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True static pages? (4 posts)

  1. WWDay3
    Member
    Posted 4 years ago #

    I want to create a number of themes. These themes should be "plug-n-play" out of the box - install and go. To that end, I want to create "true" static pages, like a standard privacy policy, terms, perhaps a contact form. I don't want the end-user to have to move anything around or have to run any special install scripts.

    What I need to know is the best approach to do this in the WP realm. So far I've thought of....

    Adding the static pages to the theme directory and perhaps linking to them. I actually tried this, but it appears I need to jump through "include" hoops. I'm not 100% certain how to do that. My first attempt resulted in a 404 page, and after that I just got PHP function not found errors.

    I suppose I could automatically create WordPress pages when the theme is activated using the functions.php file. That seems a bit dicey to me - too many ways for that to end badly. Or, I could just have the functions.php file load a purely static page from somewhere.

    I could "game" the 404 page. In other words, in the 404 script I could check to see if the slug matches one of my static pages and load the static page up in the content area.

    I'm leaning a bit toward the last option since it's something I know I can code. But, if someone has a better/cleaner solution, I'd like to hear about it.

    Thanks!

  2. You're dealing with both creating the static pages and the content (such as privacy policies, terms of use boilerplate, contact form fields, etc.) So maybe you'd want to include a php script that will write to wp_posts and wp_postmeta and dump in the pages and the content while leaving the rest of the WP install and database alone. That way you get your static pages setup and the content entered outside of the theme the user chooses.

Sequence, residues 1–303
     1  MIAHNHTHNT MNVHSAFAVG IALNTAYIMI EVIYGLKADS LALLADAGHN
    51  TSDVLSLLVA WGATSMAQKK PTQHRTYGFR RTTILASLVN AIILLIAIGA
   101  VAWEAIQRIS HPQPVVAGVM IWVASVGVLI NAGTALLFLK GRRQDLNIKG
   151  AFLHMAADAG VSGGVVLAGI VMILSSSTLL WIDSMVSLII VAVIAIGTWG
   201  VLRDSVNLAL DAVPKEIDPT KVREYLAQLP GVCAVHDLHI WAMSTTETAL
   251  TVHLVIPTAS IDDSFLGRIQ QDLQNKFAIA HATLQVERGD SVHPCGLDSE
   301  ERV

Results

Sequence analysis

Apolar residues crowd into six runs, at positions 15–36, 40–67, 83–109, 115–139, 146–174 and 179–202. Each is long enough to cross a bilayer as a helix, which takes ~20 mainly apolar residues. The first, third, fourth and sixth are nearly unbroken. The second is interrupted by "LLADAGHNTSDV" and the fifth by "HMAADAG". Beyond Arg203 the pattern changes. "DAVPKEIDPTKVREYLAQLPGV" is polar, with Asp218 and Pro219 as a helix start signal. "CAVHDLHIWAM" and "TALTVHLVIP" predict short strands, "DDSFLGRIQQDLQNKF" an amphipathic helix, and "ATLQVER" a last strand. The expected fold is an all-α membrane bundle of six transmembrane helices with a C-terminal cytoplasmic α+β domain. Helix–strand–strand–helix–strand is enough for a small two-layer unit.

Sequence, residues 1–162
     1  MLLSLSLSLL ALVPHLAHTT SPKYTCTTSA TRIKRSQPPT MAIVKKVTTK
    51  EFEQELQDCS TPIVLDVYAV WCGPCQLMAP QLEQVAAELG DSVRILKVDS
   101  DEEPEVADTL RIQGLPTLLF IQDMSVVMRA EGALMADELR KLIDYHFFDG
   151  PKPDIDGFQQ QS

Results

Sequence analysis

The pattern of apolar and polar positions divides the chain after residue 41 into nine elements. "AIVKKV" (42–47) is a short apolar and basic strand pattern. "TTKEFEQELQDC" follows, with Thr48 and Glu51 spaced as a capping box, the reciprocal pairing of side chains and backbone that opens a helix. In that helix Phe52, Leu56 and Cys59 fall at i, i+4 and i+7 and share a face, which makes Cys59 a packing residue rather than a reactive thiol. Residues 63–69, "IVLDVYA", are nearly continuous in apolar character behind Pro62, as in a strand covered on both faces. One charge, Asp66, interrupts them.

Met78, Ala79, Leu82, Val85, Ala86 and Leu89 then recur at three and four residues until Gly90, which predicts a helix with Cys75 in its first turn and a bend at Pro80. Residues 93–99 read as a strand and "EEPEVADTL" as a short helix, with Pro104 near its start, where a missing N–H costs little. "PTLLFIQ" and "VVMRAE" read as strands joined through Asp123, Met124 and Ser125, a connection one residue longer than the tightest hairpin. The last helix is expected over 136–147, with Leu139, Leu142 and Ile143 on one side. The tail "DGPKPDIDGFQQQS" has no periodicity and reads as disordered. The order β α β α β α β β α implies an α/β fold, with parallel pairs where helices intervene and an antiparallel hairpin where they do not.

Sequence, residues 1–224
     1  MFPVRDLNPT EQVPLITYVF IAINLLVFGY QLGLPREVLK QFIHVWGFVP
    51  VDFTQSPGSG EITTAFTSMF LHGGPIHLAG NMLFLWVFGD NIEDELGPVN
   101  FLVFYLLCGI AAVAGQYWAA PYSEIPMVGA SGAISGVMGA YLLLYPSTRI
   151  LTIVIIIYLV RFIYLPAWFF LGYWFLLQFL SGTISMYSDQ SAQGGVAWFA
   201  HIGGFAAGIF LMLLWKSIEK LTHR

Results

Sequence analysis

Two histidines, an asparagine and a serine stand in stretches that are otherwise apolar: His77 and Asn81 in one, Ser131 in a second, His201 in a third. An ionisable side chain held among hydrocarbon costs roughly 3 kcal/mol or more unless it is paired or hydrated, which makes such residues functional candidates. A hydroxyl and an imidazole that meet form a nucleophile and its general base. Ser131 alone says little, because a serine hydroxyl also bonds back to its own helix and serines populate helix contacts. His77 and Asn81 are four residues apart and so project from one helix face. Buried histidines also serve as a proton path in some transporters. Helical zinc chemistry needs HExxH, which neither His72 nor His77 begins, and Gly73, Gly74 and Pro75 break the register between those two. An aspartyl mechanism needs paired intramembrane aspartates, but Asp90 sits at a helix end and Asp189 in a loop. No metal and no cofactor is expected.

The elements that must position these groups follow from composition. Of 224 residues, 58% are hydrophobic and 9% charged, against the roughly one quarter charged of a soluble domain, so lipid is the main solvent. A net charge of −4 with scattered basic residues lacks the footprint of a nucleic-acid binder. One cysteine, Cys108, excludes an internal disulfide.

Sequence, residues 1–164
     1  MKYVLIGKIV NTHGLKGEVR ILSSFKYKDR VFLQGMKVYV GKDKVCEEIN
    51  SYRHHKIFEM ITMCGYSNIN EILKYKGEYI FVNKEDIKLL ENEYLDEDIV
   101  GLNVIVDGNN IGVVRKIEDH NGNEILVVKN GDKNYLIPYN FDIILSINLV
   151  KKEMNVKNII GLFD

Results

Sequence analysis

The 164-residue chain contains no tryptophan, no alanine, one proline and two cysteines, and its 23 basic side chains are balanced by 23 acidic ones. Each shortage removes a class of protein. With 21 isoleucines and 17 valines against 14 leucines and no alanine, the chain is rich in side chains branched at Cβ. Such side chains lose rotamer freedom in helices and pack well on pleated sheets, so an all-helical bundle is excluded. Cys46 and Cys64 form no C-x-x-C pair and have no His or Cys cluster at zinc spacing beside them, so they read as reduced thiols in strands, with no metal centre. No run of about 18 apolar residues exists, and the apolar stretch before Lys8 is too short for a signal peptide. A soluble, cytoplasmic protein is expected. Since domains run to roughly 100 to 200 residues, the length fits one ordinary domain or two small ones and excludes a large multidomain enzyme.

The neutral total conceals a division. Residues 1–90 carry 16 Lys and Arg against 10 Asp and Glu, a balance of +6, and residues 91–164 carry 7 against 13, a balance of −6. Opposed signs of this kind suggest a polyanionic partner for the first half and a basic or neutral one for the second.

3. Peter Boosten
    Member
    Posted 4 years ago #

    I suppose I could automatically create WordPress pages when the theme is activated using the functions.php file. That seems a bit dicey to me - too many ways for that to end badly. Or, I could just have the functions.php file load a purely static page from somewhere.

    You could always create page templates, holding static text, but you'ld have to assign them to a page anyway (which has to be created).

    Peter

  4. WWDay3
    Member
    Posted 4 years ago #

    I hesitate automatically writing to the database. I've had plugins in the past that automatically wrote wp-pages, and in a couple of cases I wound up with duplicates. I wouldn't want to overwrite an existing page or create a dup if the slug already existed.

    I did experiment, and was able to get static pages to work without too much trouble. I simply looked for the slug in the 404.php file, and depending on which slug it is, I include the appropriate page. My worry - that the 404 page would return a 404 error code - was ill founded. Apparently the WP developers decided to return a 200 code since they were trapping the 404 condition anyway.

    Advantages - simple, tightly bound, and I was able to use a contact form that looks better (IMO) than most of the plugin contact forms. Plus, as I was coding I realized that if someone just hated my privacy policy or terms or whatever, they could just create a page with the same slug and it would be intercepted before getting to mine.

    Disadvantages - not "WordPressy", not turn-off-able in its present form (e.g. - if someone never wanted to be contacted they would still have to touch the footer code).

    So, even though it works out-of-the-box right now, I don't think it's the final solution. I probably still need an options page of some sort.

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